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In PHP, I have the following code for calculating the distance between two locations:

function distance($lat1, $long1, $lat2, $long2) {
    $latitude1 = $lat1/180*pi();
    $longitude1 = $long1/180*pi();
    $latitude2 = $lat2/180*pi();
    $longitude2 = $long2/180*pi();
    // FORMULA: e = ARCCOS ( SIN(Latitude1) * SIN(Latitude2) + COS(Latitude1) * COS(Latitude2) * COS(Longitude2-Longitude1) ) * EARTH_RADIUS
    $distance = acos(sin($latitude1)*sin($latitude2)+cos($latitude1)*cos($latitude2)*cos($longitude2-$longitude1))*6371;
    return $distance;
echo distance(9.9921962, 53.5534074, 9.1807688, 48.7771056); // Hamburg, DE - Stuttgart, DE

But now, I want to select locations close to a given location via PHP from my MySQL database:

  • The user enters his hometown
  • My script gets the latitude/longitude values via the Google API
  • In my database, I have about 200 locations with a field for the latitude value and a field for the longitude value
  • I need a code for PHP and MySQL to select the 10 locations which are closest to the user's hometown

I hope you can help me. Thanks in advance!

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6 Answers 6

up vote 3 down vote accepted

MySQL Great Circle Distance (Haversine formula) does exactly what you need.

With only 200 records however you may as well just load them all and check them with code. The data set is really way too small to be worrying too much about database vs code or any other such optimizations.

Calculating distance between zip codes in PHP has a couple of PHP implementations of this algorithm.

Geo Proximity Search is pretty much the exact same problem you have.

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Thanks, as nOw2 said, it's the Haversine formula. I have the PHP implemention yet, see the code in my question. –  Marco W. May 24 '09 at 12:35

Maybe something like

SELECT field1, field2, ...,
    ACOS(SIN(latitude / 180 * PI()) * SIN(:1) + COS(latitude / 180 * PI()) * COS(:2) * COS(:2 - longtidude)) * 6371 AS distance
    ORDER BY distance ASC;


SELECT field1, field2, ...,
    ACOS(SIN(RADIANS(latitude)) * SIN(:1) + COS(RADIANS(latitude)) * COS(:2) * COS(:2 - longtidude)) * 6371 AS distance
    ORDER BY distance ASC;

(directly translated from the PHP code)

:1 and :2 is $lat2/180*pi() and $long2/180*pi() respectively.

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Thanks, it's the same as nOw2's answer, isn't it? You write "$lat2/180*pi()". Why not just "RADIANS($lat2)"? You used it in the rest of the query, so why not here, too? –  Marco W. May 24 '09 at 12:32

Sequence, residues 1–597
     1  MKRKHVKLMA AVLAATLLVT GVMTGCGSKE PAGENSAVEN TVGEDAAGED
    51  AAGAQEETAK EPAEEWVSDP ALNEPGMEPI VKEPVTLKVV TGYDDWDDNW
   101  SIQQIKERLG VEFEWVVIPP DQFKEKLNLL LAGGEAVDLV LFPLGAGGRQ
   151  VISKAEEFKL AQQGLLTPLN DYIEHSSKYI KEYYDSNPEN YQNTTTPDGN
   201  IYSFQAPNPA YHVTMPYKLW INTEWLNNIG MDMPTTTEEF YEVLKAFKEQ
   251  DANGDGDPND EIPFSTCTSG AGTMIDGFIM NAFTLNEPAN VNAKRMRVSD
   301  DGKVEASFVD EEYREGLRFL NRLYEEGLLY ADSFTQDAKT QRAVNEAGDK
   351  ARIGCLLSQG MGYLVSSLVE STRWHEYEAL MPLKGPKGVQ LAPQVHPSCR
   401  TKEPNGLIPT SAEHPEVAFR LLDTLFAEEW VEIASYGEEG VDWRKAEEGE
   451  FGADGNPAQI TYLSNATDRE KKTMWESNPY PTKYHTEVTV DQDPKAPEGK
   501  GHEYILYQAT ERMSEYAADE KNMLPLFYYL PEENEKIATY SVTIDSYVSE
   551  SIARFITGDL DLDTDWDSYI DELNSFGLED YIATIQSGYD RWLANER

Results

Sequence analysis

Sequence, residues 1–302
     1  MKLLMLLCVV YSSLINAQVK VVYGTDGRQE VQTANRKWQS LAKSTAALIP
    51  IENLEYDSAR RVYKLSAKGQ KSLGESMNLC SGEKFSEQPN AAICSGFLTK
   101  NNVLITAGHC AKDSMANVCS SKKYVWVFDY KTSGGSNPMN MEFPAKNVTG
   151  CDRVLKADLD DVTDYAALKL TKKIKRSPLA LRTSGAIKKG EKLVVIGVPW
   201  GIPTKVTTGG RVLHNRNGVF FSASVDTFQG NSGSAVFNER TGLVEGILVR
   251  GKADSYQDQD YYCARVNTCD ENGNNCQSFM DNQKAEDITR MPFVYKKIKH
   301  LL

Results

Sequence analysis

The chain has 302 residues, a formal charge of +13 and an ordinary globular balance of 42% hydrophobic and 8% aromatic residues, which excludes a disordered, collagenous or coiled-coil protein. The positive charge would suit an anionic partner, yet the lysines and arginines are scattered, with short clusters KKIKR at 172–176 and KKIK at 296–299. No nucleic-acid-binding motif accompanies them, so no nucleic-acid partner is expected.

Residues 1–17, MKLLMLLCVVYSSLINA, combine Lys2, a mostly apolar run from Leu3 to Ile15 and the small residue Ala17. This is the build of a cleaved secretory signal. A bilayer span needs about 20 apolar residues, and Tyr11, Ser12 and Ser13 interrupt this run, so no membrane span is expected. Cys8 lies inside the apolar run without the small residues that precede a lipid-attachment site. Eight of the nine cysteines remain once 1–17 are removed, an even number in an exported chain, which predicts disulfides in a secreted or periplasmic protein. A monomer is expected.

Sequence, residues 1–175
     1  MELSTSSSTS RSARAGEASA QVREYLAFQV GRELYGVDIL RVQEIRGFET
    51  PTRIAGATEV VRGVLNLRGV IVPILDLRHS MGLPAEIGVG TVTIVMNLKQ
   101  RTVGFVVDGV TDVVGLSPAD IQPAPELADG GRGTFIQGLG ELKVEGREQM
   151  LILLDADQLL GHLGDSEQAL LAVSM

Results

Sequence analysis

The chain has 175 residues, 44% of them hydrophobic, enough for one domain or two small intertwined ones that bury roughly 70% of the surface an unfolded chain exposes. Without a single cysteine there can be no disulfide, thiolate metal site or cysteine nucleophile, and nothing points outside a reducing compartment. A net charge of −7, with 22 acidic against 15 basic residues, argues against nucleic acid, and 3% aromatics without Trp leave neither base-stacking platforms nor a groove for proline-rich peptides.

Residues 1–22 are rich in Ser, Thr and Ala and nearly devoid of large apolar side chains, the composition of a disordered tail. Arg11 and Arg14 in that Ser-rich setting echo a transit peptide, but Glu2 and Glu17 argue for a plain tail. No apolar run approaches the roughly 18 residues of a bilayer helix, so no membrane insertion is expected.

:1 and :2 comes from PHP, which doesn't have RADIANS. us2.php.net/deg2rad could be used though. –  itsbth May 24 '09 at 15:28

That's the Haversine formula. You can translate the PHP directly into SQL so you can query the database spatially (the alternative being to pull every record out of the DB and run the data through PHP). MySQL provides all the maths functions that you need.

I did this for a commercial website which provided post/zipcode based distance lookups, so its certainly possible without specific GIS functions.

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Thanks, it works fine! :) I didn't know that MySQL has all the math functions. –  Marco W. May 24 '09 at 12:31

There are MySQL functions available for doing exactly this.


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Thanks but I can't use MySQL's geospatial features. –  Marco W. May 23 '09 at 15:28

MySQL has the ability to index rows geospatially. You might not need to do this math by yourself (you can just ask MySQL to compute the distance between two geo objects and sort by that..).

See: http://forums.mysql.com/read.php?23,159205,159205

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Thanks but I can't use MySQL's geospatial features. –  Marco W. May 23 '09 at 15:28

Why don't you use MySQL's geospatial features...? No, just kidding.

If the 200 records are actual places like towns, etc then as an alternative could you use GeoNames' API?

The following webservice will provide the 10 closest locations to the lat and lng provided:


Source: http://www.geonames.org/export/web-services.html#findNearbyPlaceName

Full list: http://www.geonames.org/export/ws-overview.html

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Thanks! I have the data in my database so I needn't use GeoNames' API. –  Marco W. May 24 '09 at 12:27
Yes I understand, but you could match those 200 records with the responses from Geonames and from that have the 10 closest matches. This is again assuming that your 200 records are somehow known places and not some random positions. –  mr-euro May 24 '09 at 12:54

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